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Malu ~ Chapter One

Malu woke in the dark. The moving dark. Automatically she sensed the envelope of her skin. Other than a sting on her thigh, she was intact. Next, steadying her nerves for the shifting and the possibility of pain, she reached out with one hand. The other was beneath her head, as if she were a little girl who had gone to sleep quietly, rather than lying on her side in the weaving gloom.

Her hand encountered a wall close beside her. Cautiously, with the practised flinch of a long-standing habit, she ran her fingers down the grooved material. It smelled like wood and, in the close air of the box, her urine and sweat. Tugging her body flat on her back with as little betraying movement as possible, Malu stretched out her limber toes to feel the dimensions of her tiny prison. It was only slightly larger than her body. To some, its size and shape would have suggested a coffin. To Malu, it was just another box.

Convinced that she was alone, and likely not observed, Malu allowed herself to breath more deeply, to gather strength for a more rigorous test. She calmed herself, worked her arms, legs, hands and feet through several contortions that dissipated the strain of sleeping on the hard surface, then pressed her hands against what she knew was the box's top. Malu was never disorientated when she woke. Today, or tonight, was no exception. Once her hands were seated on the rough grooves of the wooden ceiling, Malu brought her thin legs up and planted her feet above her hips. Her toes gripped the planks. Arching her back and giving a noise like a tiny kitten, Malu strained against the wood.

Malu knew wood. She knew the many years it took for a tree to spread the soil into a shape and flow into the tallest being in the world. Her strength was puny pitted against such a dense mass, but she pressed until her muscles flexed her thin bones and her joints cracked against her tendons. For a moment, from where she lay panting on the box's bottom, Malu was nearly fooled into thinking that the ceiling was giving way.

Once she realised that the box was stronger than she could break, Malu lay quietly in the pitch black, waiting for the inevitable noises. She had woken a hundred times like this. It was always the same. Always she fought against the box and always they came.

The passage of time that preceded their arrival was difficult to predict, since Malu was so far from any indicators she knew. Her narrow chamber shifted in a steady tempo, and she had even begun to relax into her wary sleep when noises sifted through from outside. First, it was the clanging of shiny stones, then a hard grumble and a softer clutter of sound. Two of them. Hantus. Soft ones. She braced herself involuntarily, preparing for the inevitable while keeping her muscles loose. She would not fight. This time she would try to hold herself back, her disgust at bay, try a different strategy.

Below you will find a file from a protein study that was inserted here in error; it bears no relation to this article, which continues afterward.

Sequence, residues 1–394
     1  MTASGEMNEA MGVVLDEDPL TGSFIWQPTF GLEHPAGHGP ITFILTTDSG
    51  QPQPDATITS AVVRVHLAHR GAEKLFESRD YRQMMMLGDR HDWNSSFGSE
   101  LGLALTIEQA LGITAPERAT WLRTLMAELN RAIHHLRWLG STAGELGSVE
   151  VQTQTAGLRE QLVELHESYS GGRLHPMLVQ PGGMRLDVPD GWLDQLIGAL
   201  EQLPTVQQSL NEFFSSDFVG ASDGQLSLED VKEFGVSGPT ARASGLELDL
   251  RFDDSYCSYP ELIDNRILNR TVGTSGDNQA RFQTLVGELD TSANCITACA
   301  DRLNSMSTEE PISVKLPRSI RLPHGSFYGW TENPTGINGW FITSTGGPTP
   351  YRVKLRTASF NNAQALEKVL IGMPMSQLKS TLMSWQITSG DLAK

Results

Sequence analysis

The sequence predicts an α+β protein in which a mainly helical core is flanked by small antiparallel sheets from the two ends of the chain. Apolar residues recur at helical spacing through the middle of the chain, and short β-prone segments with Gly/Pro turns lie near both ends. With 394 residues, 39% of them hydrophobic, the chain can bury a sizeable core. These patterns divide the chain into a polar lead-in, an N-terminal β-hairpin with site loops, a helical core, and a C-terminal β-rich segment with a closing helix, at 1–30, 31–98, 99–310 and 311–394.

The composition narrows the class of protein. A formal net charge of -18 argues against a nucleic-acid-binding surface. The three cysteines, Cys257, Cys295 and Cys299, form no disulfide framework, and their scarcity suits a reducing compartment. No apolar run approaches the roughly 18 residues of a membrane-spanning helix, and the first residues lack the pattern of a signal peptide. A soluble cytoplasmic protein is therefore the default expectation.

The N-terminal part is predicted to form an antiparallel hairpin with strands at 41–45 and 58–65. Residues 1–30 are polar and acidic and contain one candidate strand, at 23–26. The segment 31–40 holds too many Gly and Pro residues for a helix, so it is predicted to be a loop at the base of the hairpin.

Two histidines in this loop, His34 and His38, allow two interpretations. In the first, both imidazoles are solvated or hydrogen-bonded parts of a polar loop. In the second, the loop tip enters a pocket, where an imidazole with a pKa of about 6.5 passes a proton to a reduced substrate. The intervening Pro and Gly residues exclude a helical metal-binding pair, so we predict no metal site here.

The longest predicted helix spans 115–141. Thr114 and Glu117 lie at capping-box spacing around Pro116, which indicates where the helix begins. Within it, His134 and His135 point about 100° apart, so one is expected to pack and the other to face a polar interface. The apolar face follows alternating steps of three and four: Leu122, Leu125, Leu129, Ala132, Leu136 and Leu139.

When light streamed into the box, Malu was at first unable to adjust her eyes. There was always too much light. Shading her eyes with her hand, Malu saw a larger box above her, and then the heads of the Hantus. Their faces were almost too much for her, and she struggled with her resolve not to attack. Whether they were surprised she could not say. They twittered and mumbled, their attempt at a real language hidden behind noises even a tapir would find embarrassing. Malu lay quiet. Perhaps they will forget, She thought, looking more for distraction than hope. Perhaps they will grow interested by some other thing and leave me alone to explore the larger cage.

Before long, after the exhalations of the Hantus had fouled the air, long arms and pale fingers reached into Malu's box. She was still. She thought of stinging insects and how tranquillity could be rewarded with honey, although she hated to lie to herself. They lifted her out of the box, their fingers too firm in some spots-bruising the skin on her thighs and arms-and too loose in others-making Malu yearn to thrash and scream. A mere repeat of the many times they had played this scene. Forcing herself to squint into the glare and observe, Malu crouched small in her shadow self and waited.

The two Hantus were much bigger than her. Carrying her was so little burden for them that one of them, the male, held a shaft in his other hand, prepared to bruise her even more if she squirmed. Malu congratulated herself that she had predicted their intentions. I am learning them, and they are learning me. Just as she had begun to be doubtful of their behaviour, they placed her on a long, low, flat metal surface that was positioned over the ground at about their midsection. Malu dreaded what was next. They would begin their exceedingly unpleasant examination.

Malu cast her mind away. She remembered the forest. The delightful chimes of voices. She saw the quick flash of the birds, and far below, the ground. Her mind drifted through the images, until, disoriented by her body's sudden shift onto her stomach, her face against the shiny surface, she found an image that brought her no comfort. She saw herself as though from above, but as her vision descended she saw her busy hands, chubby in their youthfulness, strip the flesh from a living frog. The amphibian screams were impossible to hear. But when Dit turned her on her stomach and tore a freshly cut branch through her skin, explaining between her screams that he merely mimicked her actions, Malu heard the frog. Turning on the spit of impossible pain, her back alight with blood and searing, Malu had learned.